Cowbitt is an ancient Anglo-Saxon
name that is derived from the personal name Jacob.
The surname Cowbitt is derived from Cob,
which is a pet form of the name Jacob,
and is supplemented by the common diminutive suffix -et.
Some experts state that the surname Cowbitt is a nickname
derived from the Old English word cubit,
which means elbow.
One expert is dumbfounded: "I cannot explain the somewhat common and well-known surname, unless it be a diminutive or corruption of a personal name
. " CITATION[CLOSE]
Lowe, Mark Anthony, Patronymica Britannica, A Dictionary of Family Names of the United Kingdom. London: John Russel Smith, 1860. Print.
Early Origins of the Cowbitt family
The surname Cowbitt was first found in Norfolk
, where Geoffrey Cobet and Roger Cobet were both listed in the Hundredorum Rolls
of 1273. CITATION[CLOSE]
Bardsley, C.W, A Dictionary of English and Welsh Surnames: With Special American Instances. Wiltshire: Heraldry Today, 1901. Print. (ISBN 0-900455-44-6)
Early History of the Cowbitt family
This web page shows only a small excerpt of our Cowbitt research.Another 153 words (11 lines of text) covering the years 1400 and 1566 are included under the topic Early Cowbitt History in all our PDF Extended History products and printed products wherever possible.
Cowbitt Spelling Variations
Cowbitt has been spelled many different ways. Before English spelling became standardized over the last few hundred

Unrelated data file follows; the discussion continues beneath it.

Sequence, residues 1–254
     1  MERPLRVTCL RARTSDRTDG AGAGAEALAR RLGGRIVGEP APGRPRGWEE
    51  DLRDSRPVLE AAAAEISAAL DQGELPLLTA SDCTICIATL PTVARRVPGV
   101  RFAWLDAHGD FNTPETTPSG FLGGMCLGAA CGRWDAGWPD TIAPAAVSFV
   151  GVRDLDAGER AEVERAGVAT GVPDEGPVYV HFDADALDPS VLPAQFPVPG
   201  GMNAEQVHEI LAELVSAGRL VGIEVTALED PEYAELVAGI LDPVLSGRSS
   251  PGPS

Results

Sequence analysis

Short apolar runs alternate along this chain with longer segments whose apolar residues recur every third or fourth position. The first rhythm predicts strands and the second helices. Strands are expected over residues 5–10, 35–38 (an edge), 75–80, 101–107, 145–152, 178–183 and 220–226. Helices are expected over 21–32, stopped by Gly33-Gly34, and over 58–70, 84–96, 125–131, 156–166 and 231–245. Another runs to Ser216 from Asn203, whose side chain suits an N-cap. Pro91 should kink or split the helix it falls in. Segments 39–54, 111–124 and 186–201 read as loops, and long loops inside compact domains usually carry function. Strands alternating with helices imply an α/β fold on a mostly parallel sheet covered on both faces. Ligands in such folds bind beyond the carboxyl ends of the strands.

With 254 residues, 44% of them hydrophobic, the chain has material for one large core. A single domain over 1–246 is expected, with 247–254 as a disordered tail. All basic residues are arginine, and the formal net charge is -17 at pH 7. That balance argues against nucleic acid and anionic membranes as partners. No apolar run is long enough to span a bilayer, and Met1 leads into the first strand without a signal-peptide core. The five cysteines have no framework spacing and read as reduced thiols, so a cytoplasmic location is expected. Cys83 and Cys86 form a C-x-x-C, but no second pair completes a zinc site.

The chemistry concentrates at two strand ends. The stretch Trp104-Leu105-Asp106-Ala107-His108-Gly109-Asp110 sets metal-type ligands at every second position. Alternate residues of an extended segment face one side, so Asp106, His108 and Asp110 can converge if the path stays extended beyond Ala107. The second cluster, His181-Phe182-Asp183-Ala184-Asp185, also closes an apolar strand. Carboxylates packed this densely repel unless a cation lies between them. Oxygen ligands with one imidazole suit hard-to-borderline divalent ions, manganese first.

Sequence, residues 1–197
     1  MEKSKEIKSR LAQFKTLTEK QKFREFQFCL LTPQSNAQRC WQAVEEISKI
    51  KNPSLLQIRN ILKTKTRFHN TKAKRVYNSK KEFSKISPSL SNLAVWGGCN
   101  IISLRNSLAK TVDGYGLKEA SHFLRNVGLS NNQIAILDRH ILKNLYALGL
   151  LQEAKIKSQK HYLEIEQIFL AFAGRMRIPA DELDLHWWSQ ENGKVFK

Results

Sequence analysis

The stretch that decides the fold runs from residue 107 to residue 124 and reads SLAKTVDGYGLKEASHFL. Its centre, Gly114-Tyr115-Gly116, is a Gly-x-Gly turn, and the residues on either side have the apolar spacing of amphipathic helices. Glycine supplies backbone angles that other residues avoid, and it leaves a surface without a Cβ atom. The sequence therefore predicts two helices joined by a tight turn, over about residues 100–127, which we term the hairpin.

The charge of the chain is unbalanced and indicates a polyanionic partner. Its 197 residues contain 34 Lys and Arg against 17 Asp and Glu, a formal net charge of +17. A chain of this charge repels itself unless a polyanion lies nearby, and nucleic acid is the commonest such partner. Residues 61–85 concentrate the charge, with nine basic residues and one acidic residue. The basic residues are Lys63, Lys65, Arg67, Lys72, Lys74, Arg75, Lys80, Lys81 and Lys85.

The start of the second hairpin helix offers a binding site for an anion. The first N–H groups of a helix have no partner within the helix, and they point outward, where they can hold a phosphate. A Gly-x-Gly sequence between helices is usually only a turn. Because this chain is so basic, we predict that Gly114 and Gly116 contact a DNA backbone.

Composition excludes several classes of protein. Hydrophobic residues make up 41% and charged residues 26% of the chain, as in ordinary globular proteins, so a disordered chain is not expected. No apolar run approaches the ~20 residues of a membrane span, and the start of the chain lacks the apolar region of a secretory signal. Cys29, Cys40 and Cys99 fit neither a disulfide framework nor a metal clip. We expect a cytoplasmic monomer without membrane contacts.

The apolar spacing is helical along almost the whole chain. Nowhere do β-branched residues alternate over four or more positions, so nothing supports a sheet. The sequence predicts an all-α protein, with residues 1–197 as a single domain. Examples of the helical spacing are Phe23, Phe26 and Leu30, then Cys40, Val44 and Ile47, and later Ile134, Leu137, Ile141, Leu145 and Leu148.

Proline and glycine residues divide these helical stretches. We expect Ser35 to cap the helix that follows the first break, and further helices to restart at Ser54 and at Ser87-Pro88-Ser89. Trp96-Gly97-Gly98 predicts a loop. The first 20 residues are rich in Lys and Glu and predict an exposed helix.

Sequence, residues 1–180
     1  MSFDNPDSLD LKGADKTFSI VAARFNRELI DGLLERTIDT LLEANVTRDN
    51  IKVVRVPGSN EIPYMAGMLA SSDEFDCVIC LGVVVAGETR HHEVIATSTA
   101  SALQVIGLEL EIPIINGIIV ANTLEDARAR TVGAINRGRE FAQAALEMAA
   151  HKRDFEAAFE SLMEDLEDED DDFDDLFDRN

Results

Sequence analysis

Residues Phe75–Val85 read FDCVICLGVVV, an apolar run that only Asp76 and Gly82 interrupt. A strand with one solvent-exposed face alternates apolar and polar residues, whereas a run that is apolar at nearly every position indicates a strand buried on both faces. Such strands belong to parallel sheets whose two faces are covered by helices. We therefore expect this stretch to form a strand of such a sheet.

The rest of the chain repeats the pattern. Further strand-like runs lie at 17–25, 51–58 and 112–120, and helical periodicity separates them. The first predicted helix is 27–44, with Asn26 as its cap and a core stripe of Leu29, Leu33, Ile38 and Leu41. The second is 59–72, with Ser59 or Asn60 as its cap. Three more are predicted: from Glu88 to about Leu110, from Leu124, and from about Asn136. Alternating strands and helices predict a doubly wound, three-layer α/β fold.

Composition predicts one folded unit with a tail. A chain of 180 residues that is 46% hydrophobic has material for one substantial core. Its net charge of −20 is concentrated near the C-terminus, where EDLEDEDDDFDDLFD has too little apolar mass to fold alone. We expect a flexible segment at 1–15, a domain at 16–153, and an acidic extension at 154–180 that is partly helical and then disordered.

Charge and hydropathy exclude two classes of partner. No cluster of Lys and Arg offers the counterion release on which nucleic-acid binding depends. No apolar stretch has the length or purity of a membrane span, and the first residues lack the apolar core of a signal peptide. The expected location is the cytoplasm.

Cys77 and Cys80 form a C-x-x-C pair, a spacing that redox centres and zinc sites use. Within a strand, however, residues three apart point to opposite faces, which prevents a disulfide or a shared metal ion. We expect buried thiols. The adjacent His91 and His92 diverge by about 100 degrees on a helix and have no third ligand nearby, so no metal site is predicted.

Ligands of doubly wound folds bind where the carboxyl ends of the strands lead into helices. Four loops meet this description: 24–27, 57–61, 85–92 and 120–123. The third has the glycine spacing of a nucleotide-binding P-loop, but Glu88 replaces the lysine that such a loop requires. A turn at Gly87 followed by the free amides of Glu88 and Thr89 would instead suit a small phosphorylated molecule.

years, spelling variations
in names were a common occurrence. As the English language changed in the Middle Ages, absorbing pieces of Latin and French, as well as other languages, the spelling of people's names also changed considerably, even over a single lifetime. Many variations of the name Cowbitt have been found, including Cubitt, Cowbitt, Cobbett, Cubyt, Cubbert, Cubit and many more.
Early Notables of the Cowbitt family (pre 1700)
Another 25 words (2 lines of text) are included under the topic Early Cowbitt Notables in all our PDF Extended History products and printed products wherever possible.
Migration of the Cowbitt family to the New World and Oceana
In an attempt to escape the chaos experienced in England
, many English families boarded overcrowded and diseased ships sailing for the shores of North America and other British colonies. Those families hardy enough, and lucky enough, to make the passage intact were rewarded with land and a social environment less prone to religious and political persecution. Many of these families became important contributors to the young colonies in which they settled. Early immigration and passenger lists have documented some of the first Cowbitts to arrive on North American shores: Isaac Cubbert who settled in New York State in 1811; William Cubit settled in Philadelphia, Pennsylvania in 1866.